Image of a die with "maybe" and "yes"

The Default Option

Saw the following via Avinash Kaushik on Google+. Too good not to share, and on so many levels.

If internet explorer is brave enough to ask you to be your default browser, you're brave enough to ask that girl out.

It is worth highlighting that the power of the “default option” is a very real one.

Organ donation is a good example. Whether organ donation is an “opt-in” (i.e. the default option is not donating), far fewer people tend to go for it, as compared to when it’s an “opt-out” (i.e. the default option is donating).

I’m a big believer in this effect, and use it often when scheduling meetings, among other things.

For example, when scheduling meetings, I like to give options, but always ensure that one of them is the “default” or “preferred” option, even though there’s no reason for it to be (“We can meet either Thursday 2pm or 5pm, though I would prefer 2pm. “)

It helps expedite things: if the recipient can’t make it at 2pm or 5pm, it’s an easy choice, the recipient just chooses the alternative. If the recipient can make it for both, the recipient just chooses the default (2pm).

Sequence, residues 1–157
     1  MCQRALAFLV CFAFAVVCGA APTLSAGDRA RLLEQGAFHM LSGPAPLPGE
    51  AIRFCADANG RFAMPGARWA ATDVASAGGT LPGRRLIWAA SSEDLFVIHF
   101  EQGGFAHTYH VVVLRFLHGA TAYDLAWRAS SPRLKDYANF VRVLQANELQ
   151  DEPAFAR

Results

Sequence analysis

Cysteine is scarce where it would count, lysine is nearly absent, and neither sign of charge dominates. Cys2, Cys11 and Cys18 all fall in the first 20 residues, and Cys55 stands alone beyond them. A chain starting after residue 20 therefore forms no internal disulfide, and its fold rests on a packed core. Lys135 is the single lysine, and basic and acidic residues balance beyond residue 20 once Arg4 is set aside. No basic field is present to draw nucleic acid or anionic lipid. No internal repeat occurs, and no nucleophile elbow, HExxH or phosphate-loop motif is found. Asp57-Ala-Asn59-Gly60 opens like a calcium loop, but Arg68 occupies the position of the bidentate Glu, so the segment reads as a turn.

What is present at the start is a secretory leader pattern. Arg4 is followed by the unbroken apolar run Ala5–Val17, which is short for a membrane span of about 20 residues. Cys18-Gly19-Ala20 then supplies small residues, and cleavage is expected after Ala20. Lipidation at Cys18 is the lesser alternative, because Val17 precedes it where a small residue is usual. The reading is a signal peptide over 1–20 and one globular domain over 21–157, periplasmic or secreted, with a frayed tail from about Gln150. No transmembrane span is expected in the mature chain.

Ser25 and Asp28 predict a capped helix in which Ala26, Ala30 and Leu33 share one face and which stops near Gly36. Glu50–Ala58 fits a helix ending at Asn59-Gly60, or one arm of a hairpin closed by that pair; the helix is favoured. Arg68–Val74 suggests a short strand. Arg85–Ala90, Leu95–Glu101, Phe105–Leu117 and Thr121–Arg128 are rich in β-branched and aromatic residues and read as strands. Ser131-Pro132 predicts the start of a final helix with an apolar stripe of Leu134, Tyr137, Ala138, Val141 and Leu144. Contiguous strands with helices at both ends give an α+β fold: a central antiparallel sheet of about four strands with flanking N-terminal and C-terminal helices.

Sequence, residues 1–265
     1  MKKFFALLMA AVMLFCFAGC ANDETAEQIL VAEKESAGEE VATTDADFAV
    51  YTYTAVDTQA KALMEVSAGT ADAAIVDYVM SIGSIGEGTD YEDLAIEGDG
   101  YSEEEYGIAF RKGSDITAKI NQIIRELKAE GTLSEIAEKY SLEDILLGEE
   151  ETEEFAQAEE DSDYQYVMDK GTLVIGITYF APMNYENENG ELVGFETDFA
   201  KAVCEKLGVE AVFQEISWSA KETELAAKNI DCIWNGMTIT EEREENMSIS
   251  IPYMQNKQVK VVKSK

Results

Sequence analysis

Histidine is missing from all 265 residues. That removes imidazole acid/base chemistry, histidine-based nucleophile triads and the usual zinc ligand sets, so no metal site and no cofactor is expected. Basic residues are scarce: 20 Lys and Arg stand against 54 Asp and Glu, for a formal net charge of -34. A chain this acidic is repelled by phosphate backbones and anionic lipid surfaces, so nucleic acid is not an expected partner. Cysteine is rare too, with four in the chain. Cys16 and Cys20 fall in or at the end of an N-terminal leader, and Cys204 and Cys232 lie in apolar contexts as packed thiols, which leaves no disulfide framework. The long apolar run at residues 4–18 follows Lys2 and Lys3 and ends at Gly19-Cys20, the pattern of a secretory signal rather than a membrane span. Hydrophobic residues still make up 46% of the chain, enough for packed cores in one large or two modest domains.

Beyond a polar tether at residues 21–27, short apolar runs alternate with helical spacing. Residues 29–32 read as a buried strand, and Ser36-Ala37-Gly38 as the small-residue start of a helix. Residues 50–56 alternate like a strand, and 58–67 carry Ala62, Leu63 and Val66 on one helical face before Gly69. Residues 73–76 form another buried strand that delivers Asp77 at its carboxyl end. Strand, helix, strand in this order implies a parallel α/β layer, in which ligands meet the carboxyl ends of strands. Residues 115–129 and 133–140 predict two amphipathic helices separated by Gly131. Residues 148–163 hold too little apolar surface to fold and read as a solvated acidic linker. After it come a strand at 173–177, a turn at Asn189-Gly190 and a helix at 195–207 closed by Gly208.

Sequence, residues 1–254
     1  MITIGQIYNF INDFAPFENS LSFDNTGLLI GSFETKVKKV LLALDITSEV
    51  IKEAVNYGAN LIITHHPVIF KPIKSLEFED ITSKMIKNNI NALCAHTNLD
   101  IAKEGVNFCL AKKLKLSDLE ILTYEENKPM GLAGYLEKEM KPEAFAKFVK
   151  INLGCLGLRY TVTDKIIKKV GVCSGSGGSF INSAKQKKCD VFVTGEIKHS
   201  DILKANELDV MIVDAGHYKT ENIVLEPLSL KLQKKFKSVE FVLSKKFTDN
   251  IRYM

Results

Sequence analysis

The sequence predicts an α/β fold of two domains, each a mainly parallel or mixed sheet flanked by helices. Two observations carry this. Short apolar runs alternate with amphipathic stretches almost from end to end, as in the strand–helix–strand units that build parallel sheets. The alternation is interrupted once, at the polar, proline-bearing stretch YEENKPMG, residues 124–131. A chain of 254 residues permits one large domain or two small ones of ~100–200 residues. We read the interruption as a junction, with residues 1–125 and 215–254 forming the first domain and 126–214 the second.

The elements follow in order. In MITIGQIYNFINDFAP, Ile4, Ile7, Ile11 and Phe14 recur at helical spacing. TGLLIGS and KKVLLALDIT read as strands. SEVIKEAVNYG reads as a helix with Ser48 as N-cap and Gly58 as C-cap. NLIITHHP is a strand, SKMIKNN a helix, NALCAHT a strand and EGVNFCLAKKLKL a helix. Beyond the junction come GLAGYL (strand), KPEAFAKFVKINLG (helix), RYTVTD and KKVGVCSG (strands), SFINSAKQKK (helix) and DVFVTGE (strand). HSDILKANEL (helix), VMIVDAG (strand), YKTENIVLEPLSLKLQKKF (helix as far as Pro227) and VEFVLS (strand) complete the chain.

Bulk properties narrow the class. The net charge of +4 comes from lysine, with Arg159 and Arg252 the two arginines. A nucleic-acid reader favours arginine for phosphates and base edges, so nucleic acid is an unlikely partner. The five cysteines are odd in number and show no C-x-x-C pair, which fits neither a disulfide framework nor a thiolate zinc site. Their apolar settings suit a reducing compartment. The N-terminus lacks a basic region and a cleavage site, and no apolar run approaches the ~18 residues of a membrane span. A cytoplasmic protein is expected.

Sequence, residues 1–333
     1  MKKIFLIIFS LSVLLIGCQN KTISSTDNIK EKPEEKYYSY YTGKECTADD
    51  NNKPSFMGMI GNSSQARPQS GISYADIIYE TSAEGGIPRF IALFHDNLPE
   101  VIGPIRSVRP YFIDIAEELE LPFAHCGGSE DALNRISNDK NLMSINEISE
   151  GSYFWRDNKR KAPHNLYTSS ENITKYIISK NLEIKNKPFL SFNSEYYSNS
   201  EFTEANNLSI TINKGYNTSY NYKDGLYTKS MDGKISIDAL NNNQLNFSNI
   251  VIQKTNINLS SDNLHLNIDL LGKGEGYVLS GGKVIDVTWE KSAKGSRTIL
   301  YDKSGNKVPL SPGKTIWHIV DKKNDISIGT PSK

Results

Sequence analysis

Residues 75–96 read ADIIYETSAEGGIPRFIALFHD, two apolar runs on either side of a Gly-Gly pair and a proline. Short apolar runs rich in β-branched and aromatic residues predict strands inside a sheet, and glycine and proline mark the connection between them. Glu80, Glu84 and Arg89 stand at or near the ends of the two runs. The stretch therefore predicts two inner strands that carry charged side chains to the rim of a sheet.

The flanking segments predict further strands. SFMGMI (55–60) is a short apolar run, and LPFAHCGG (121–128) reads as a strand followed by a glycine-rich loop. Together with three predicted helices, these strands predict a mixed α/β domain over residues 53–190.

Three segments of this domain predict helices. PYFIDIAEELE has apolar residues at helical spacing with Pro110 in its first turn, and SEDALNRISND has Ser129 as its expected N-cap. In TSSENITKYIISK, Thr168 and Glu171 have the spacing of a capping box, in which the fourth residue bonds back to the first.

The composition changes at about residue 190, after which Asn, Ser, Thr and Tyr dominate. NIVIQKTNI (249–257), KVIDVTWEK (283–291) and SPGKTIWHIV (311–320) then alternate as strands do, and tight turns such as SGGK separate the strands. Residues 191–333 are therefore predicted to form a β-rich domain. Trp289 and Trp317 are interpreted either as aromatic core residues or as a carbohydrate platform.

Without the default option, if the recipient can make it for both, it’s likely the recipient would wait till the last possible moment before responding, keeping options open in case another meeting crops up.

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Donn

My name is Donn, and you’ll find me working at the intersection of business and information technology, constantly looking for ways to apply IT to business and life to make things better. I’m a big fan of data analysis and its subsequent communication. It always gives me a thrill extracting meaning out of data through analysis, and figuring out the best way to present the findings for maximum impact!

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